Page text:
Rana sphenocephala

Rana sphenocephala
Leopard Frog, Rana pipiens sphenocephala

Monday, January 28, 2013

Sanchez Prairie’s Western Water Features



Bruce and I visited the western side of Sanchez Prairie last Saturday, riding bikes from the trailhead to the north side of the prairie, and hiking from there counterclockwise around the prairie’s edge and through its adjacent uplands and ravines to Moose’s Echo. The weather was clear, cool, and dry – perfect! Altogether, we biked and hiked 8.3 miles. I had already been over most of what we covered Saturday, but without my GPS unit, so I took that with us. The trails, roads, and sinkholes we encountered will be added to the map of the park’s trails that I have been constructing for the last several years. That map is almost complete and is far more detailed than the park’s own published maps. I intend to publish it here when it’s completed.

There are four ravines on the prairie’s western side, and all are vegetated with mature mixed forested hammock consisting of spruce pine, loblolly pine, live oak, swamp chestnut oak, Shumard oak, Florida maple, pignut hickory, sweetgum, laurel oak, sugarberry, Southern magnolia, red mulberry, persimmon, and others. Ravine bottoms contain all those species but are dominated by swamp tupelo, sweetbay, and red maple. This photo shows a typical scene within the ravines:


Here’s one of the forest’s Florida maples (Acer floridanum) with character:


The four ravines are so karstic that they only occasionally, and only for short distances, exhibit signs of water flow. Their surface waters sink directly into the ground and thus into the limestone containing the Floridan Aquifer. Their headwaters terminate at semi-permanent seeps. Rain percolates through sandy Holocene surface sediments, down to the top of the impermeable Hawthorne formation (a sandy, fossiliferous, phosphatic clay), and flows laterally to the edges of ravines to emerge as nonartesian seeps. These little springs show us where the contact is between the two geological formations. More importantly, the seeps create excellent habitat for primitive plants like ferns, mosses, and liverworts:

Creeping Maiden Fern (Thelypteris reptans):


Florida Tree Fern (Ctenitis sloanei):


More creeping maiden fern (photo by Bruce J. Morgan):


These beautiful ferneries, however, are also prime wallowing habitat for feral hogs. The nearly-permanent presence of seepage waters running over sandy clay evidently makes a good foundation for a feral hog wallow, like this one:


Feral hogs at San Felasco also make wallow-like depressions in clay banks that are moist but not wet. Are these mineral licks rather than wallows? Here’s one:


We spotted an unbaited feral hog trap in the uplands near the prairie:


The entrance of Moose’s Echo Cave has changed since I saw it last year. A columnar slug of the Hawthorne formation sediments measuring about three feet in diameter by about six feet long was last year poised to slide down toward the cave’s entrance. It looked so unstable that I dared not enter the cave lest I cause the slug to collapse and cork me in. On the present trip, I noticed that the slug had indeed slid downward several feet, not to occlude the cave entrance but to land immediately beside and east of the cave entrance. A new cave vent opened up between the clayey cliff wall and the slug directly above the main entrance. It was too small for human entry. The cave’s main entrance and the new vent both exhaled cool airstreams. The cave’s entrance is still as unstable as it was a year ago, and again this year I dared not enter it. This is a shot of me standing on that slug, looking into the new opening and balancing on tiptoes in to keep from stepping on ferns (photo by Bruce J. Morgan):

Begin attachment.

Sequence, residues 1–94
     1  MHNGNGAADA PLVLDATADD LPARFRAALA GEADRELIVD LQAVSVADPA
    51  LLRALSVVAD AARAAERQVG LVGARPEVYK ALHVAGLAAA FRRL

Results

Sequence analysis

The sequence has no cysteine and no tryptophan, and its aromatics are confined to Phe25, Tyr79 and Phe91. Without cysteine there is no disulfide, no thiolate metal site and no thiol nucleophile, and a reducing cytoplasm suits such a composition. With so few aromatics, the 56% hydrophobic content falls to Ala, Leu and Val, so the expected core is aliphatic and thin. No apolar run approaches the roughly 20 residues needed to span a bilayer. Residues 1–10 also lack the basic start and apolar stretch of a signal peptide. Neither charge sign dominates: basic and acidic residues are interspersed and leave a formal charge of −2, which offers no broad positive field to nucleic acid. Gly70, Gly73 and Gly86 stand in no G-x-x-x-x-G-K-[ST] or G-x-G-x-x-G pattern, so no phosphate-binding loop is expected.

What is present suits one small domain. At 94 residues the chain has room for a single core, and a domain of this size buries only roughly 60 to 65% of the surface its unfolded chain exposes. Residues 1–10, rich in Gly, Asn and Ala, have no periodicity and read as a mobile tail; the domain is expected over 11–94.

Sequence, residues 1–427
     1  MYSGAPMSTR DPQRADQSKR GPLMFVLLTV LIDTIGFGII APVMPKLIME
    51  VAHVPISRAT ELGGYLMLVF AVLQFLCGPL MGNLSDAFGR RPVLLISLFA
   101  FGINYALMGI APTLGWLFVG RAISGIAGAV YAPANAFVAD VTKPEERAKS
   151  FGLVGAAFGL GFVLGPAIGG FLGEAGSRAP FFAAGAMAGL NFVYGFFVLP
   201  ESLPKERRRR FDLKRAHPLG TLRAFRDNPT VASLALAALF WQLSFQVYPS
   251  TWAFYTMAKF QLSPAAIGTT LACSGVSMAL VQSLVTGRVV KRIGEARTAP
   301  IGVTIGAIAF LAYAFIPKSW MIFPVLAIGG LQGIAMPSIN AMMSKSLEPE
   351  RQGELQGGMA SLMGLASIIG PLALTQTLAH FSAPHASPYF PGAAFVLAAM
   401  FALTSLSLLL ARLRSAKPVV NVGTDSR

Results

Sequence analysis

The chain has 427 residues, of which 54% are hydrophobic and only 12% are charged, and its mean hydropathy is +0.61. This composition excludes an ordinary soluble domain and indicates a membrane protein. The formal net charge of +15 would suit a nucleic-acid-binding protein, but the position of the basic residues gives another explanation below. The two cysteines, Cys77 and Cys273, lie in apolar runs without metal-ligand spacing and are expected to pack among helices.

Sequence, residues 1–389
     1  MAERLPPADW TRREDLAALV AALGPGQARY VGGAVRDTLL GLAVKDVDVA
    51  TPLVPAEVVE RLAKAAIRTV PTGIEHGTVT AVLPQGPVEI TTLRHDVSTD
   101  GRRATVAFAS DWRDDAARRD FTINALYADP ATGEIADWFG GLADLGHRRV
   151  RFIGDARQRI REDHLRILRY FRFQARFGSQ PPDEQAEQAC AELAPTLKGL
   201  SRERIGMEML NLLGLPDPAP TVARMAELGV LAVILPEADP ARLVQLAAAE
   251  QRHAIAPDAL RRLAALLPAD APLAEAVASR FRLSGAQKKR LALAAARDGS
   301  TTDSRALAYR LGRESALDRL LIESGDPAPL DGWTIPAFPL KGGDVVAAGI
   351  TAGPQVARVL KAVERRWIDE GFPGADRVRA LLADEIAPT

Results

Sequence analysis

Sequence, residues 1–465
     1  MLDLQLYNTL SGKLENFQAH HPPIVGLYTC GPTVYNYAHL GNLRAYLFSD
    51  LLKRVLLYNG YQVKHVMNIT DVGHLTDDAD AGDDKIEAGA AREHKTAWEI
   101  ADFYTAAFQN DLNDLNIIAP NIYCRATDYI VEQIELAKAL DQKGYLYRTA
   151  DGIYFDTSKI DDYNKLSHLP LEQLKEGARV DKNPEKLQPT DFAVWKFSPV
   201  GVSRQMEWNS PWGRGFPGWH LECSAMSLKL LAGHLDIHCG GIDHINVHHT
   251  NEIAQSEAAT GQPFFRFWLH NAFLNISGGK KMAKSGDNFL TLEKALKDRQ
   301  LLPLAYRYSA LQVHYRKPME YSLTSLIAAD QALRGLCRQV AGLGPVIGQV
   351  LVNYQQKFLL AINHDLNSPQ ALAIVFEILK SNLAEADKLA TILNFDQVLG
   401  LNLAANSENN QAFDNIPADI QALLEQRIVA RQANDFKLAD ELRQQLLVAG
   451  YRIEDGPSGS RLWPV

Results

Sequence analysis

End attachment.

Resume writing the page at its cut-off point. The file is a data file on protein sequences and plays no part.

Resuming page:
We saw at least one sounder of hogs. We saw them twice within fairly close proximity, both times within the prairie, so I believe they are likely to be two sightings of the same sounder. (A sounder of swine is composed of a dominant female and her young of potentially several generations; mature boars live alone and separate from sounders except when servicing females). Last winter I saw probably this same sounder passing by me while I was hiding in a blind, and I counted 20+ individuals in the group. On another occasion when I encountered them on a hike, I attempted to scare them away by making threatening gestures and noises. Most of the piggies squealed in freight and ran away, but the alpha female stood her ground about 50 feet from me, and doubtless would have slashed my calves with her tusks if I had pressed the issue. Properly chastised, I backed away from the confrontation.

Sanchez Prairie is a long way from any of the park’s trailheads, which is why I use a bike to get there. I consider it one of north Florida’s most ecologically-endowed poljes (large, wide, flat-bottomed, multiple sinkhole). Its forests are mature and extremely biodiverse, it has numerous kinds of plant communities, perched sinkhole pond habitats, and dry sinks, it drains into a karst swallet, supports hundreds of wood ducks during winter, is habitat for turkey, river otter and at least one nine-foot long alligator, has multiple ravines and streams draining into it, and I have never seen other people in there:


I wish we would eliminate its feral hogs.

2 comments:

  1. Great Blog! I always fear encountering the hogs at San Felasco. So destructive and pretty nasty.

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  2. Katherine, there is a strong move afoot to extirpate feral hogs from San Felasco and the rest of the "Emerald Pendant." Stay tuned...

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